As voters went to the polls yesterday, candidates, propositions, and the direction of the country were no doubt on their minds. Oddly enough, some Maryland voters were also likely thinking about bicycle safety, since one of the state’s candidates for US Senate was struck and killed by an SUV while on her bike earlier this year. The death of Green Party candidate Natasha Pettigrew once again emphasizes the need for stricter regulations enforcing bicycle safety and laws coaxing drivers to be more careful near cyclists.
Pettigrew’s mother is now leading the charge in Maryland to enforce stricter car-bike accident laws. Mother Jones Magazine points out that in Maryland, a driver must be “impaired, grossly negligent, or show intent to cause harm in order to be charged with a crime.” Currently, only nine states carry criminal penalties for bike-car accidents: Alabama, Arizona, Georgia, Hawaii, Idaho, Nebraska, Nevada, North Carolina, and Utah.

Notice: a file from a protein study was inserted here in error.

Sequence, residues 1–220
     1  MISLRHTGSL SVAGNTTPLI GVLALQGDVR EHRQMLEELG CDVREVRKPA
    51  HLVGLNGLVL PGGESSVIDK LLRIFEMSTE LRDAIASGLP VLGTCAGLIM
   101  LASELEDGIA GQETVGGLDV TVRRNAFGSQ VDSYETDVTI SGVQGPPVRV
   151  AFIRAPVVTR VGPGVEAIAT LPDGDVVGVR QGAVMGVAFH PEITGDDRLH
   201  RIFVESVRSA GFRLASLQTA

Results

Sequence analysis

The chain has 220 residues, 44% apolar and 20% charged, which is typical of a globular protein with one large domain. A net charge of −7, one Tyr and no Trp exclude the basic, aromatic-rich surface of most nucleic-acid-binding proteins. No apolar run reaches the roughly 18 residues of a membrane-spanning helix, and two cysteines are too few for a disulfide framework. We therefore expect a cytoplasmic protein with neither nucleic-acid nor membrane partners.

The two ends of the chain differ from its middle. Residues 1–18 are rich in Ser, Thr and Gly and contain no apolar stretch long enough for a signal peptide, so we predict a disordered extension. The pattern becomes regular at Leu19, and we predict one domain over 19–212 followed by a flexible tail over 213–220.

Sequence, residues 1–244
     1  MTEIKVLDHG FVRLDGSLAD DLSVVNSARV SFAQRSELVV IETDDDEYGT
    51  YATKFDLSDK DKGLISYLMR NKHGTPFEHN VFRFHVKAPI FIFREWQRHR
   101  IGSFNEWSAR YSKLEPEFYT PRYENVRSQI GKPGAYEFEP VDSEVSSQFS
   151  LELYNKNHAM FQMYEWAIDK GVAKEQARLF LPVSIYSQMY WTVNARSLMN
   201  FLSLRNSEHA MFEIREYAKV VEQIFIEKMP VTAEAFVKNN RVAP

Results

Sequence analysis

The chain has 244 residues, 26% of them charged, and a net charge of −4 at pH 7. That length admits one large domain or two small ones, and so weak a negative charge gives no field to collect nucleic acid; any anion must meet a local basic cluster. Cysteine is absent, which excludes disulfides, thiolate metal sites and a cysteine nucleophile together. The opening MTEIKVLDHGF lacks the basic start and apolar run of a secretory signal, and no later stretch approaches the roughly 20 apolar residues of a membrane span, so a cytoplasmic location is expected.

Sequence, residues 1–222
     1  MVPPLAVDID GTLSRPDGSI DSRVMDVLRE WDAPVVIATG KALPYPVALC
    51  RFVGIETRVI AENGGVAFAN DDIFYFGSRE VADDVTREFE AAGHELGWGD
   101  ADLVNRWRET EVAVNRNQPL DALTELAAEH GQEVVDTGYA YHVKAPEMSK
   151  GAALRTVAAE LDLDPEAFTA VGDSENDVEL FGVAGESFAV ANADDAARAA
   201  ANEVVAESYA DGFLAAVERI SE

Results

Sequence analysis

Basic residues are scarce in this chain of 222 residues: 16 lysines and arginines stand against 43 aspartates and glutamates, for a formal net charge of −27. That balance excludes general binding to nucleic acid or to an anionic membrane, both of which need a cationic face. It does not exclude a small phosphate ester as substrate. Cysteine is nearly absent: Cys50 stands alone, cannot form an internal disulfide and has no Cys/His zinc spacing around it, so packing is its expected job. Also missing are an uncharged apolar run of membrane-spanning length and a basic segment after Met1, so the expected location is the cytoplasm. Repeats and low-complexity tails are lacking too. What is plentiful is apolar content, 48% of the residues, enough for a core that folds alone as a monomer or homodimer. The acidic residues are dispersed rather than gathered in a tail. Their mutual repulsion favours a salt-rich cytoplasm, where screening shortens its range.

Noticeably absent is California, which had 131 bike fatalities in 2008 alone. A Bicycle Times report earlier this year said this is partially because when bicycle use boomed in the 1970s, the state’s highway system was insufficient to support a bike-to-work population. “Until then, motor vehicle offenses were criminal,” David Hiller of Washington State’s Cascade Bicycle Club told Bicycle Times. But the sheer number of bicycle accident lawsuits overwhelmed the system, so “in exchange for waiving the right to due process, and to unclog the courts, the trade off was those cases would be handled in civil court.”
Fortunately, California lawmakers have announced their intention to boost bicycle safety laws over the next couple years. Los Angeles Mayor Antonio Villaraigosa called for a statewide helmet law for all ages at an August “bike summit.” And LA City Councilmember Bill Rosendahl has suggested implementing a three foot passing law.
An investigation into the driver who struck Pettigrew is still pending. Ideally, her death and other tragic bicycle deaths will eventually lead to safety laws to benefit future cyclists.
Photo credit: StefanRos